Recipe Sifter

X
  • Start Here
    • Course
    • Main Ingredient
    • Cuisine
    • Preparation
    • Occasion
    • Diet
    • Nutrition
1

Select () or exclude () categories to narrow your recipe search.

2

As you select categories, the number of matching recipes will update.

Make some selections to begin narrowing your results.
  • Calories
  • Amount per serving
    1. Total Fat
    2. Saturated Fat
    3. Polyunsat. Fat
    4. Monounsat. Fat
    5. Trans Fat
  • Cholesterol
  • Sodium
  • Potassium
  • Total Carbohydrates
    1. Dietary Fiber
    2. Sugars
  • Protein
  • Vitamin A
  • Vitamin B6
  • Vitamin B12
  • Vitamin C
  • Calcium
  • Iron
  • Vitamin E
  • Magnesium
  • Alcohol
  • Caffeine
  • Find exactly what you're looking for with the web's most powerful recipe filtering tool.

    You are in: Home / Community Forums / Middle East & North Africa / What can I do with quinces?
    Lost? Site Map

    What can I do with quinces?

    Sarah Chana
    Tue Oct 31, 2006 8:46 am
    Food.com Groupie
    I have 3 quinces sitting in my fridge, begging for attention. Any ideas?
    kodi_inoz
    Wed Nov 01, 2006 3:18 am
    Food.com Groupie
    Quince Paste

    You need:
    2 kg quinces
    2 lemons - juiced and strained
    castor sugar
    2 cinnamon sticks

    Method:
    Wash the down off the quinces and chop roughly - we don't bother to peel or core at this point. Place quinces in a saucepan with 4 cups of water. Bring to the boil, reduce heat and simmer until soft.

    Drain off the excess water and push the fruit through a sieve. Weigh the quince puree and place an equal amount of sugar and the cinnamon sticks with the puree in a clean saucepan.

    Stir over low heat, then increase heat and boil until the mixture turns pink. When the mixture begins to thicken you will need to stir constantly so the paste doesn't burn.

    Pour the paste into a plastic takeaway containers. When cool place the lids on the containers and stand in warm place for 12 hours. The quince paste can be kept in dry storage for about 12 months if it is airtight.

    This is a great addition to a cheese board.
    Mme M
    Mon Nov 13, 2006 9:21 am
    Food.com Groupie
    This is a regional, family-style treatment of quince that comes to you from the Dordogne in France. You make both jelly and jelly candies. It's metric, sorry!

    1. Quince Jelly

    5 kg peeled, quartered quince
    All seeds from the quince
    5 or 6 kg sugar
    3 liters water
    200 grams fine sugar
    50 grams pectin

    Put the quince seeds in some cloth you can tie up. Cook the quince in (slightly) boiling water about an hour, and cook the wrapped up seeds along with it. The seeds will provide gelling capabilities along with the pectin. Add the 50 grams of pectin to the water, also.

    At the end of the cooking period, pour the pot's contents into a tea towel** lined sieve that you have resting on top of a large bowl. Squeeze the towel with all its pulp when it is cool enough to handle, and put this pulp aside for the (pate de coing) quince jelly candies you will be making.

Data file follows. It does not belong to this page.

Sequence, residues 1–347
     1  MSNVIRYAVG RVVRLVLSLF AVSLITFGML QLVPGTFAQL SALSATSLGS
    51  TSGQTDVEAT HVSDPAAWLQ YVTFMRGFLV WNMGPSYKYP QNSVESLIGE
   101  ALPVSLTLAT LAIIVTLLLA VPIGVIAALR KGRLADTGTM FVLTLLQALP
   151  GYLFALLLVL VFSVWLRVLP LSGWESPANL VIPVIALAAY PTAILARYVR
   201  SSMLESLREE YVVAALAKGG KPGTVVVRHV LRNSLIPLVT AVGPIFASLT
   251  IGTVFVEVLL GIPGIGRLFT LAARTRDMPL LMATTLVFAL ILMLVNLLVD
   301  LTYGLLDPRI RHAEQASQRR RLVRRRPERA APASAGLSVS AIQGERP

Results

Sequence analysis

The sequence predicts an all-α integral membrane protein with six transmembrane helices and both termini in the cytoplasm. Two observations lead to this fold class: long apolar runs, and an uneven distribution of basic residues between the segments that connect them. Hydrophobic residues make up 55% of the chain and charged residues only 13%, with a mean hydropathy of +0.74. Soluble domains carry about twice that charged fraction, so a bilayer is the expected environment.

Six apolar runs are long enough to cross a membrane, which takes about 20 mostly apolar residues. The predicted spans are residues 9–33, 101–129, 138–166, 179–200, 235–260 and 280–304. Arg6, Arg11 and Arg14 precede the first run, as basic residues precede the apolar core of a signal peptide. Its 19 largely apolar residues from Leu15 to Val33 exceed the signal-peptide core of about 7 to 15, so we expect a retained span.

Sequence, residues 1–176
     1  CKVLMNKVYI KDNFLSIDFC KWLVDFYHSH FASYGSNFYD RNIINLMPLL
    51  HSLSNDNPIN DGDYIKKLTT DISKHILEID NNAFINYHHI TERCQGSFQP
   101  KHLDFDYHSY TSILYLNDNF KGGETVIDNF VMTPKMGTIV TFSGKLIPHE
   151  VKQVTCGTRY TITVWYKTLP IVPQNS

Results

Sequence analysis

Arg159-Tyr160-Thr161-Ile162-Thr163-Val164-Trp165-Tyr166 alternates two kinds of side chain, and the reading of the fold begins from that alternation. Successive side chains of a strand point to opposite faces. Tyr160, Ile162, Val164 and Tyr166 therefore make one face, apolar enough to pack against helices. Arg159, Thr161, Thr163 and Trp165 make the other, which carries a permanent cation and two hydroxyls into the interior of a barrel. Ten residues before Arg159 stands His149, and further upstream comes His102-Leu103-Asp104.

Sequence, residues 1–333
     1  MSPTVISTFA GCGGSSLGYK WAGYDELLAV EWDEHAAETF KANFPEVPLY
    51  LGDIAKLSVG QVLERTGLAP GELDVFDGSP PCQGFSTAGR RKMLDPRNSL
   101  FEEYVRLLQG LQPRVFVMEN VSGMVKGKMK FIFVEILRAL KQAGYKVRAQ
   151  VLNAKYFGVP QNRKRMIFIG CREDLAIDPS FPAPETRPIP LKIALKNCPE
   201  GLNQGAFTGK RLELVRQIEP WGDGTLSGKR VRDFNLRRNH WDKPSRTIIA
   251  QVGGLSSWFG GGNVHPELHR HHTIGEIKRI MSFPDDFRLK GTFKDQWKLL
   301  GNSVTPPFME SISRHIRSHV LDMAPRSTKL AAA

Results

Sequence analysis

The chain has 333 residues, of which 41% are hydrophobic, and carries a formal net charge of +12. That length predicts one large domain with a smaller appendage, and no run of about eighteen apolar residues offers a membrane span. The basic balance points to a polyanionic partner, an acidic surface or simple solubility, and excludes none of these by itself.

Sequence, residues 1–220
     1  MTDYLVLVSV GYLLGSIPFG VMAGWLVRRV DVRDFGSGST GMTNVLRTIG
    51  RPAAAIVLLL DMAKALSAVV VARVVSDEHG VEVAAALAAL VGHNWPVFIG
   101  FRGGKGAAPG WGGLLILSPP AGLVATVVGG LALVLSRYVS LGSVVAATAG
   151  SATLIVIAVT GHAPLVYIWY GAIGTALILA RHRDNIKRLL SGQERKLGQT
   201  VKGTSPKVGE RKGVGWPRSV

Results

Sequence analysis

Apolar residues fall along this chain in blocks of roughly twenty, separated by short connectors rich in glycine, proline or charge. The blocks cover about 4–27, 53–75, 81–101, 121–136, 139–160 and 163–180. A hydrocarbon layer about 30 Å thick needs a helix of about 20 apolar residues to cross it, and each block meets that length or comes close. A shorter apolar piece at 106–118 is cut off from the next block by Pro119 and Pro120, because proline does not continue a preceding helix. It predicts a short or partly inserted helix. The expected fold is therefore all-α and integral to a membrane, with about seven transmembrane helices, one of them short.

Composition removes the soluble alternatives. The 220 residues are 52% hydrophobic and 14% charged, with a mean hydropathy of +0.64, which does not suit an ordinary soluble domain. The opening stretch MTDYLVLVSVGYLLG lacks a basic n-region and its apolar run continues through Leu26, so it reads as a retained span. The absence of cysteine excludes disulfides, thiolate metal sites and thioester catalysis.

Now, weigh the liquid quince jelly in the large bowl, then measure an equal amount of sugar for it. Next, weigh the pulp, then weigh an equal amount of sugar for that, and blend this combination of pulp and sugar thoroughly.

    Put the sugar for the liquid jelly into a pot, and heat it, stirring, until melted. Add the jelly, and cook it, stirring occasionally, until it is all blended, and let it bubble slightly for 3 minutes or so. Turn off the heat. While it is still warm, but not too hot to handle, fill prepared jelly jars. Put the cap on the jars, screw on the outer lid, then turn the jars upside down on a cloth. When the jars are cool, stand them upright. They are ready to store or sterilize.

    2. Pate de Coings - Quince Jelly Candies

    Take the pulp/sugar blend, and pour into a shallow casserole dish. Smooth the pulp until it is flat and even.

    Put this into a slow oven until the excess wetness is dried out, until the mixture is set and is like all the other jellies (pates) you have eaten. Then, take it out of the oven, cool it, remove it from the pan, then cut into the shapes of your choice. It could be squares, matchsticks, whatever. Roll these pieces in the fine sugar. Store them in tins, or eat them up!

    **Use clean tea towels, or drying cloths, that have been dried without fabric softener!
    Zurie
    Fri Nov 17, 2006 12:58 pm
    Forum Host
    Oooohhhh -- I didn't see this thread earlier. Quinces ... such a memory of youth! My mother made quince jelly, and I see a recipe has been supplied.

    Otherwise, I remember Mom coring and removing the seed core, stuffing the quinces with some sweet chopped dried fruits (maybe dates as well, as quinces are tart) and then baking them in a dish half filled with honeyed or sweetened water. The soft, cracked-skin quinces would be served with sweet custard. Delicious. icon_biggrin.gif
    duonyte
    Fri Nov 24, 2006 8:02 pm
    Forum Host
    I've posted these, Quince Paste , (if you have a breadmaker with a jam setting) and Pink Wine Quince Compote , which is one of my favorites. The compote is for a rice cooker, but could just as easily be made in a saucepan, you'd just have to watch it a bit.

    Edited: Oops, did not realize this post is a bit older, I'm sure you've used them by now. I have a quince tree in the yard. Usually I get buckets of fruit, but this was an off year - just a few fruit.
    Stop sending e-mails when someone replies
    Add this to My Favorite Topics
    Alert us of inappropriate posts

    Free Weekly Newsletter

    Get the latest recipes and tips delivered right to your inbox.

    Your e-mail is safe. Privacy Policy
    Advertisement

    Ideas from Food.com

    Powered by phpBB 2.0.1 © 2002 phpBB Group

    Over 475,000 Recipes

    Food.com Network of Sites